The ever-creative New York fans decided a couple games ago to serenade LeBron James with a chant that almost rhymes with “lasso.” Apparently, they don't like him.
This can be a problem at times for James, who really likes to be liked.
But this time, in Game 3 of the Miami Heat's first-round playoff series with the Knicks, James took the bait and used it to his advantage. He bore down, scored 17 fourth-quarter points and demonstrated why – when he's in the zone – he's unstoppable.
It's time James fully embraced his unpopularity outside of Miami.
We've spent forever comparing James to Michael Jordan and, like everyone else who has been compared to Michael Jordan, James comes up short.
Maybe a better comparison is Wilt Chamberlain.
Wilt's biggest crimes were 1) he was a freak who could do anything on a basketball court, and 2) he wasn't Bill Russell.
LeBron's biggest crimes are: 1) he's a freak who can do anything on a basketball court, and 2) he's not Michael Jordan.
Yes, I'm going way back on this comparison and if you don't know anything about Chamberlain and Russell, don't even bother trying to weigh in on James' place in NBA history. Do some studying. (End of old-guy rant.)
James proved with his statistical dominance this season (27.1 points, 7.9 rebounds, 6.2 assists per game) that he's the most talented player in the game. He does everything well, most things great, and the one area where he's weakest – three-point shooting – he toned down to help his game. Even that weakness isn't a full-bore weakness. He shot 36 percent from three-point range in the regular season. He can still nail a long-distance three in a defender's face.
Because of James' televised fiasco of a departure from Cleveland, saying he was “taking my talents to South Beach,” and his intent on manufacturing a title through free agency, he's a villain to opposing fans. Even relatively neutral fans, like those of the Indiana Pacers (the NBA's Switzerland), disliked the way he paired up with Dwyane Wade and Chris Bosh to create a “superteam.”
Chamberlain was never beloved, never the “winner” like Russell and his Boston Celtics dynasty. Wilt the Stilt later became a punch line after distastefully boasting about his "relationships" with the ladies. He won his title near the end of his career, when he reinvented himself as a monster defender and supporting player with the Lakers.
James shouldn't have to wait that long. Miami is the favorite to win the NBA title this season. (Then again, they were the favorites last year, too.)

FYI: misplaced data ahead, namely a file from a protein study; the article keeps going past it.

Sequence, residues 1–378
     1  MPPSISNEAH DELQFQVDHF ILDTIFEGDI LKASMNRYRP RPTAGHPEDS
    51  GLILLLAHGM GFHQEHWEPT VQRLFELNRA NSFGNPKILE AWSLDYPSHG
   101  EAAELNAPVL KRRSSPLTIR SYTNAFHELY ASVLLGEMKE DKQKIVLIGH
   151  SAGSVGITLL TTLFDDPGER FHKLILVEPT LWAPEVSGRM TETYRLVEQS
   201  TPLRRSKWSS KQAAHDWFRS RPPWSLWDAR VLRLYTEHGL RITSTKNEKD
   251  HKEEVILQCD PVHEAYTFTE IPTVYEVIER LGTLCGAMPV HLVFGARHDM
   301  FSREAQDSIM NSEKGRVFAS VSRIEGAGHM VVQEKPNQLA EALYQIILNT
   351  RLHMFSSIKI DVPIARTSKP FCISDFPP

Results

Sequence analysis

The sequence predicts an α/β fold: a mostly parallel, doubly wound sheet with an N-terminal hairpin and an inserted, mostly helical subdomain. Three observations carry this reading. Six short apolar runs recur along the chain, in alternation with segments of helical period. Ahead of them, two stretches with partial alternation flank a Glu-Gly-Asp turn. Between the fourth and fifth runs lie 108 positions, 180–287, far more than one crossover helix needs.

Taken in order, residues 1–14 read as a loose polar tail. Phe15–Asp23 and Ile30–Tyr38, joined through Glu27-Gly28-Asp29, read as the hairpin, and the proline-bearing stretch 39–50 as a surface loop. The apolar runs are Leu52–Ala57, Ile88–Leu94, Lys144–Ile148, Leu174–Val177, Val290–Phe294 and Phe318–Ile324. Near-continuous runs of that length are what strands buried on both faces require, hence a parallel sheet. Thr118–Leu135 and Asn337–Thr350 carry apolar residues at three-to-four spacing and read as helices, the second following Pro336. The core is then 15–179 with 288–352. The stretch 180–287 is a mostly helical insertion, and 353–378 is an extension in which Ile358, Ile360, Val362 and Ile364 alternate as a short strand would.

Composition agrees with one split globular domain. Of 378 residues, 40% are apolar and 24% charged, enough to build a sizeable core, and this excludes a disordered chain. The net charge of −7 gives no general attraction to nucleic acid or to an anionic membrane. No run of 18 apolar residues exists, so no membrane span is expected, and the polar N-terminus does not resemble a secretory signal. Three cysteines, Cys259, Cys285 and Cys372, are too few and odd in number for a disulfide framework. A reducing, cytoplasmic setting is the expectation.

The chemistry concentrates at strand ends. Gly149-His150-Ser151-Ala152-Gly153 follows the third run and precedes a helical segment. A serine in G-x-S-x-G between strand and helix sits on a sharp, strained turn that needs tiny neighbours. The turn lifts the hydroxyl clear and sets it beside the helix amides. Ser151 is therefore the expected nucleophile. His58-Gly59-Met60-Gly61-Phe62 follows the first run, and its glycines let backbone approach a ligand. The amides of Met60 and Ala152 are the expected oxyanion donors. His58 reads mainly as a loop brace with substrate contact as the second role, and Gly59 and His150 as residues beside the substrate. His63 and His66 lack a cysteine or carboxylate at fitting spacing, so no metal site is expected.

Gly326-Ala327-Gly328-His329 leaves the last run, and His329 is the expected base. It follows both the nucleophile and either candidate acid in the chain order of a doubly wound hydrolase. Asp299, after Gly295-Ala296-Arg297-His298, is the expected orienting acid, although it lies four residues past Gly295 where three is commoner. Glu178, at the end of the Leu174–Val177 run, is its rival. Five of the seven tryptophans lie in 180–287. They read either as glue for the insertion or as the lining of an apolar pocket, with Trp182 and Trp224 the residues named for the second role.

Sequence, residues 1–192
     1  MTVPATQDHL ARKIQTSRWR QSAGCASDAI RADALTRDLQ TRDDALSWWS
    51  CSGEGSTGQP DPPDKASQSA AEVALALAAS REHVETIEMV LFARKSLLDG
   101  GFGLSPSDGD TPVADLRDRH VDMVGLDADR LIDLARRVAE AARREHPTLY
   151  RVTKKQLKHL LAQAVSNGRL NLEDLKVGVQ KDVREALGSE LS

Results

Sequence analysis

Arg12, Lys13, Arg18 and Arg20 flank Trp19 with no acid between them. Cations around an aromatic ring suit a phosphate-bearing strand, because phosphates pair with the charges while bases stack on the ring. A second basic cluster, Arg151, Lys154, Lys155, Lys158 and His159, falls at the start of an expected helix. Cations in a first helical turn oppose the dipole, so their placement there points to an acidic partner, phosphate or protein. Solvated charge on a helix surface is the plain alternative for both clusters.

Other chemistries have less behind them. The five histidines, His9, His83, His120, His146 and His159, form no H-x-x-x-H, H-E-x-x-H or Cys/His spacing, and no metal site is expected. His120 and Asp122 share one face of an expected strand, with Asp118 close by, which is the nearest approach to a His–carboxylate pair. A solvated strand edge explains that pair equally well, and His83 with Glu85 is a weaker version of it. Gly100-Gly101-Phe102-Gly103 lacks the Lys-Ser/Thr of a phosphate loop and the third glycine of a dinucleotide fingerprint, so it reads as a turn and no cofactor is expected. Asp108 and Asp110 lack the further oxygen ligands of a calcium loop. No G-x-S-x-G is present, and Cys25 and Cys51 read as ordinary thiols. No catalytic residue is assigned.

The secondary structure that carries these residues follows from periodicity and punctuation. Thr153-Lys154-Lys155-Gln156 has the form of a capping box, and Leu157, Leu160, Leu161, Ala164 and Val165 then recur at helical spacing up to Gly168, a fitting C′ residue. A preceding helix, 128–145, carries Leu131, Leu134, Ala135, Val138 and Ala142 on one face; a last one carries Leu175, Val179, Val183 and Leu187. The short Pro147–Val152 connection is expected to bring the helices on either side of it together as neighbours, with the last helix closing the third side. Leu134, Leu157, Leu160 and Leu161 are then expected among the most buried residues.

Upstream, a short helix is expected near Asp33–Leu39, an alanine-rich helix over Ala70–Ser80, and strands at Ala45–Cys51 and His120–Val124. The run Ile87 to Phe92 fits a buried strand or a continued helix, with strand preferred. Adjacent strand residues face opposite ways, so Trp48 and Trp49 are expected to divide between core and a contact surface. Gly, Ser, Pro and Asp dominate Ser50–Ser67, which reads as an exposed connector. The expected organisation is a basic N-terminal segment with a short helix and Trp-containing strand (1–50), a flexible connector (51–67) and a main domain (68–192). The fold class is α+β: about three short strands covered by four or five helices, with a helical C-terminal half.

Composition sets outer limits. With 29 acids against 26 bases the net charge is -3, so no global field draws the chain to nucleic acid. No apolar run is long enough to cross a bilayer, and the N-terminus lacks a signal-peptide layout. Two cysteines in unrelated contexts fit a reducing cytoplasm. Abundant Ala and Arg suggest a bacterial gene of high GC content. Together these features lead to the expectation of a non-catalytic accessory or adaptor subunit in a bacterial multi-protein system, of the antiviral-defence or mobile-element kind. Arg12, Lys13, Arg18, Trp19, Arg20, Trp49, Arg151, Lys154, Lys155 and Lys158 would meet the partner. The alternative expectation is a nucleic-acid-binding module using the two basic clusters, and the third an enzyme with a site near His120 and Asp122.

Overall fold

Still, James is likely stuck in the role of villain, as Chamberlain was, from now on.
That's a shame in one respect for fans, because if you allow yourself to watch James from the perspective of liking him as a player, you'll see his game differently. You'll appreciate his talents at reading the court, passing, hustling, setting up teammates, defending and, of course, scoring.
He's not protected the way Jordan was. NBA referees allow James to be mugged by defenders away from the ball with rarely a hint of a call. Carmelo Anthony uses an arsenal of holds and shoves against James that pro wrestlers would envy.
James must employ every bit of his ample muscular frame on drives. Outside of Shaquille O'Neal, no recent player has taken more uncalled hacks in the paint. If you're not a Heat fan, you probably call that good “physical” defense.
The fact is James can't be stopped without the physical defense, much like the towering Chamberlain, who was rock solid, 7-foot-1 and capable of leaping out of the gym.
Even the Heat doesn't know what it has in James at times.
I still can't believe James didn't have the ball in his hands at the end of Game 4, when Wade dribbled around, drove in the lane, lost the handle of the ball, recovered and missed a fade-away three-pointer.
Yes, Wade has been clutch in the past. But sometimes coaches out-think the situation. It's tough, given the ample talents of Wade. But James is the best player in basketball and, thus, the best on his team. Down two points and you don't let him drive to the hoop for a bucket, a foul or both?
In a late regular-season game, New Jersey Nets fans spent all night booing and jeering James before he scored 17 consecutive points to seal the game. They chanted “M-V-P!” He's not going to win over many stadiums. That's a rare exception.
James should embrace opposing fans' vitriol. Let it be an aural energy drink. Use it as fuel. Ride the wave of the villain.
James will never again be liked by everyone, if he ever was. He should take a lesson from Chamberlain's story. You don't have to be liked to be great.
Fans should realize, too, they don't have to like LeBron James to appreciate watching him do his thing.